Price: Games such as Monopoly are mass-produced in the millions and are therefore cheap. Unfortunately this sets a perception that a board game costs a tenner. Modern board games typically cost significantly more. Weigh up the price against the hours of entertainment it'll provide, and consider how much an hour at the pub / cinema / restaurant costs.
Player Count: You may be assuming that all these games need, say, 4 players. That's reasonable as many do require 3-5 players, however, there is a substantial number that play well with two and some are specifically designed for two players. Indeed, there are a number of really good games for solo play.
Duration: Most of the games we like take between 60-90 minutes but there are some great games that only take a few minutes; so much so that playing two or three games in a row is common. The duration given on the box will be for those who are familiar with the game: budget somewhat longer for your first run through and even then it may be optimistic.
Jargon: A Meeple is a character-shaped piece, traditionally shaped like those in Carcassonne (see photo above) even though that game called them "followers".
Your FLGS is your Friendly Local Game Store.
A Eurogame is a game that tends to involve managing limited resources, has little luck involved, doesn't eliminate players and tends to be an hour or two in length. The name originates from the many German games that followed this style in the 1990's.
BGG is the website boardgamegeek.com which is a global repository of boardgame-related information. If you want to know more about any game look here first, but beware it's as navigable as the Worcester one-way system.
Online Groups: Some of the discussion groups do occasionally debate whether hairs are best split on the left or the right but, as a rule, will try their best to be helpful to anyone venturing into the hobby. They will, however, have forgotten what it was like when they first found it, which leads to the next point...
The Shiny New Thing Problem: It is more than likely that someone will recommend you buy the current 'hotness'. Terraforming Mars was that game in 2017. It's a great game but rather more Boeing 747 than Peugeot 206, and might be more than you want to leap into at this stage.
Where I go
This is a list of sites and suppliers that I frequent. I'm one who looks for service over price so others will have a different list to this:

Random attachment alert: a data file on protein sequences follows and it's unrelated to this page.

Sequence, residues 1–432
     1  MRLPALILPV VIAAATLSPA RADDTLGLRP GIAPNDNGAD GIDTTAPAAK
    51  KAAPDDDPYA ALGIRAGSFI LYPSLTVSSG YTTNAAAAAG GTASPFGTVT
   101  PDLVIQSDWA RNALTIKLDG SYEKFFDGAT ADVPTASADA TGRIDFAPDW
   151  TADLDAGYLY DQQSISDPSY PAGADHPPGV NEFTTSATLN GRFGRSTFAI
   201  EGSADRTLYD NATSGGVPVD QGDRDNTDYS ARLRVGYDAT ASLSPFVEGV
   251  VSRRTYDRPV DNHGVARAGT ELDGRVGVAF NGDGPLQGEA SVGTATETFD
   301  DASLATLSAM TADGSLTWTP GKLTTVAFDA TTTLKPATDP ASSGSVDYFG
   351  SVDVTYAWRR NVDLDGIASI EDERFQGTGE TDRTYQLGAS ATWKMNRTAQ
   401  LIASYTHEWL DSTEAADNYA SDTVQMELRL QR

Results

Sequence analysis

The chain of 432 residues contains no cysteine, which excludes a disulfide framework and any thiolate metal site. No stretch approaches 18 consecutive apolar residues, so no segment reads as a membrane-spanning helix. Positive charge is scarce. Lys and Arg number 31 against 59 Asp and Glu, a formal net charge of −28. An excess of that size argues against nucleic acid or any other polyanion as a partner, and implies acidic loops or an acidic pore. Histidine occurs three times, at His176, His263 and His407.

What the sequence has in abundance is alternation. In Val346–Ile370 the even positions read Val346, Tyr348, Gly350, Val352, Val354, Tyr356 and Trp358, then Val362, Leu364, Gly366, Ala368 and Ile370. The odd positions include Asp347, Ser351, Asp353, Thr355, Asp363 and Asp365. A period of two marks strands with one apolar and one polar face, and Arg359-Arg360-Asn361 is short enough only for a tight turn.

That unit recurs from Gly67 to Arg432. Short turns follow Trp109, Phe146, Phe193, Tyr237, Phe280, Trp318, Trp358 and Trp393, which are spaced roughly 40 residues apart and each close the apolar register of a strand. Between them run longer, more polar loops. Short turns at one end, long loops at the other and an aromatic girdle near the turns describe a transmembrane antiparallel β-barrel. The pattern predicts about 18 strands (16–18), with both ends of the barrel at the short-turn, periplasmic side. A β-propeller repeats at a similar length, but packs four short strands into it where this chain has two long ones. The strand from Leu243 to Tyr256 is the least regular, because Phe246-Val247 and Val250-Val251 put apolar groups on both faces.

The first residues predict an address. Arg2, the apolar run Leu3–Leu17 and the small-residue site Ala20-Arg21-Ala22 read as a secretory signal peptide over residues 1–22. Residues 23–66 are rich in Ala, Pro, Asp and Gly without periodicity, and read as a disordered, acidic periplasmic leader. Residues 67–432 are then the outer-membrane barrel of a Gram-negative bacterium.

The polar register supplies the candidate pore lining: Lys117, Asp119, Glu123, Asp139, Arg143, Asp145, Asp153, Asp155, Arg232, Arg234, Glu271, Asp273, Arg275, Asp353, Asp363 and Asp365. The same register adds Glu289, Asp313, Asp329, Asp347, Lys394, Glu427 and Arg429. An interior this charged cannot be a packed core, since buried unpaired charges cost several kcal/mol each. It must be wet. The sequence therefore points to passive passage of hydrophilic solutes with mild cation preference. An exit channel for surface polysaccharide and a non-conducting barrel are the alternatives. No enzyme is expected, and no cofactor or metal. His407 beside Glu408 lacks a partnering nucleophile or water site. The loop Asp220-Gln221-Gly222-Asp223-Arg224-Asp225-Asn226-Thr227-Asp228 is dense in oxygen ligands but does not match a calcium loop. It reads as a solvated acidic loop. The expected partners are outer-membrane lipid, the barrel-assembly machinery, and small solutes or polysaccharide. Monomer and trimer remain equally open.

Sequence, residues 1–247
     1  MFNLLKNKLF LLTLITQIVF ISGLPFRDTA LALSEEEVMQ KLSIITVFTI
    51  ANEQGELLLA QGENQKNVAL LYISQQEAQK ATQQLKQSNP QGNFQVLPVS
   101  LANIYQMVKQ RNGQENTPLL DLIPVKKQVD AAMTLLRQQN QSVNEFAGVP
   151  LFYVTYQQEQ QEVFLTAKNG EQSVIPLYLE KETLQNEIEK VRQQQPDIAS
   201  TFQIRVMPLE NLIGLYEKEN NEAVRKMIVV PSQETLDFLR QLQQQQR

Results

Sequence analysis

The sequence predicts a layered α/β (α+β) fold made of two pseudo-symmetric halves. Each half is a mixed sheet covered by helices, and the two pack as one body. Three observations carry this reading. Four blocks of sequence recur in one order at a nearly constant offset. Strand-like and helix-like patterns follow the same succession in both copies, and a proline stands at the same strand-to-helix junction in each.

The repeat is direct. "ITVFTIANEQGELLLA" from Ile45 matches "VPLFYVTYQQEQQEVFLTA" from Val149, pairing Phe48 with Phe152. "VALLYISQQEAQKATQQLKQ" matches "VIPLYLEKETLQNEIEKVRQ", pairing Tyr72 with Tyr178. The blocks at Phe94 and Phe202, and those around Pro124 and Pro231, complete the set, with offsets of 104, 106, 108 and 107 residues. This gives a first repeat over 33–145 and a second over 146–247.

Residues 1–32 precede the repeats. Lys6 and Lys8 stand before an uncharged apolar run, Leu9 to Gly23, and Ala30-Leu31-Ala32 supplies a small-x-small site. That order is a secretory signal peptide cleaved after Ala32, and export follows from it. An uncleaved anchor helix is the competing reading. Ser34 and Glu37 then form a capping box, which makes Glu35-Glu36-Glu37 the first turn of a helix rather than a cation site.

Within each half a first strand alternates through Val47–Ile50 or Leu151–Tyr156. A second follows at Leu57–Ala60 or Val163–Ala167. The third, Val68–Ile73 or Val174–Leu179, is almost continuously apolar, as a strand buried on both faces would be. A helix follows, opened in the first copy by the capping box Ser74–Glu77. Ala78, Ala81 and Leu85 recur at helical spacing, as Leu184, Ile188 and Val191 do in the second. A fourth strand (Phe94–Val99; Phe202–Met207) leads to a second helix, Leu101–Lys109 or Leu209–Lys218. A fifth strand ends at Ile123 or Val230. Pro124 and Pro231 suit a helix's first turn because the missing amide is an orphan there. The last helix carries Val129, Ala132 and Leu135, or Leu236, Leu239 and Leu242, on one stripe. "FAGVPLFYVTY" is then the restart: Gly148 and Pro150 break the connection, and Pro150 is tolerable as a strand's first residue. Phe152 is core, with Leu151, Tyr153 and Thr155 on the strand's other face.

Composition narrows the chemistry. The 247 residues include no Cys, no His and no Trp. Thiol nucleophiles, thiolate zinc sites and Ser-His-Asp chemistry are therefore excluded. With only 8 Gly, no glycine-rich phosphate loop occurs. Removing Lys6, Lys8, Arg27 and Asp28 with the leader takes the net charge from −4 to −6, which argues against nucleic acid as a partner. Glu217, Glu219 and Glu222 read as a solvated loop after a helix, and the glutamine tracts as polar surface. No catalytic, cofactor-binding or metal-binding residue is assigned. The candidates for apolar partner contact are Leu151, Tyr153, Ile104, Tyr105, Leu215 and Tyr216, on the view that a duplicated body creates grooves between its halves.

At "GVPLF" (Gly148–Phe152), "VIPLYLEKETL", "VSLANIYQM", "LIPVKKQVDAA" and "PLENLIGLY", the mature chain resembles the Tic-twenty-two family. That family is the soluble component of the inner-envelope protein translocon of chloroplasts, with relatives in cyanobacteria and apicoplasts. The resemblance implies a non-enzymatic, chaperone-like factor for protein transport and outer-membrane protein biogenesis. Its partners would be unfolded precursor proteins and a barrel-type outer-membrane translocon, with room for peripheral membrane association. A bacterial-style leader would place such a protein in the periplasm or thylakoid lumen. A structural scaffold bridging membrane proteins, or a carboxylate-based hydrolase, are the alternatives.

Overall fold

- The BoardGameGeek website. Mainly for reviews of a game I've not played before, rule translations and for rule clarifications.
- The Facebook group Board Game Trading and Chat UK. This is the place to ask "Are there gamers in Basingstoke?" for example.
- The The Board Game Hut and Chaos Cards online retailers.
- Guide videos (on Youtube). I don't tend to use these much and when I do want one I'll usually find it from the BGG page for the game. The ones I like are those that cover 'how to play' rather than just overview and opinion. These include Gaming Rules and Skip The Rulebook.
- UKGE. UK Games Expo. A huge weekend gathering of games and game players in Birmingham each year. Part convention, part supermarket, part everything-you-can-think-of.
Games Conventions, etc.
Games conventions are gatherings, typically over a weekend, of gamers from around the country. There should be a library of games and most people bring games along but it's not a requirement. There should be some associated overnight accommodation available. Typically there'll be a hundred or so attendees but some are huge (UKGE is tens of thousands and amazing) or tiny (DellCon is 16 and relaxed).
Gather two gamers together and they will publish a list of conventions. This will be incomplete and out of date before they've left the pub and merely add to the list of lists of conventions that is far longer than any accurate list of conventions.
I'll point you at a subset that I think will suit a relative newcomer and that have a board game focus (as opposed to role-playing games) and I'll just give a name to search for rather than details that will almost certainly be outdated before you've finished reading this.
In no particular order. Well, I might put ours first...
- DellCon. Malvern.
- FullBoardGaming:Torquay. Early February. Like DellCon, meals are included.
- GridCon. Devon.
- HandyCon. High Wycombe.
- SoRCon. Essex. (Son-of-RamsdenCon)
- AireCon. Harrogate.
- ManorCon. Leicester.
- MidCon. Derby.
In addition to conventions you'll quite likely find game-playing groups in your area, probably meeting in a pub's function room or similar, on a very informal basis. Google your location for "boardgamers".
A Final Note
This page has a natural bias towards the type of 'tabletop' games that we enjoy. This is very much only one facet of the boardgaming picture so go out there and explore; others may well give you a very different picture, so go try their games too.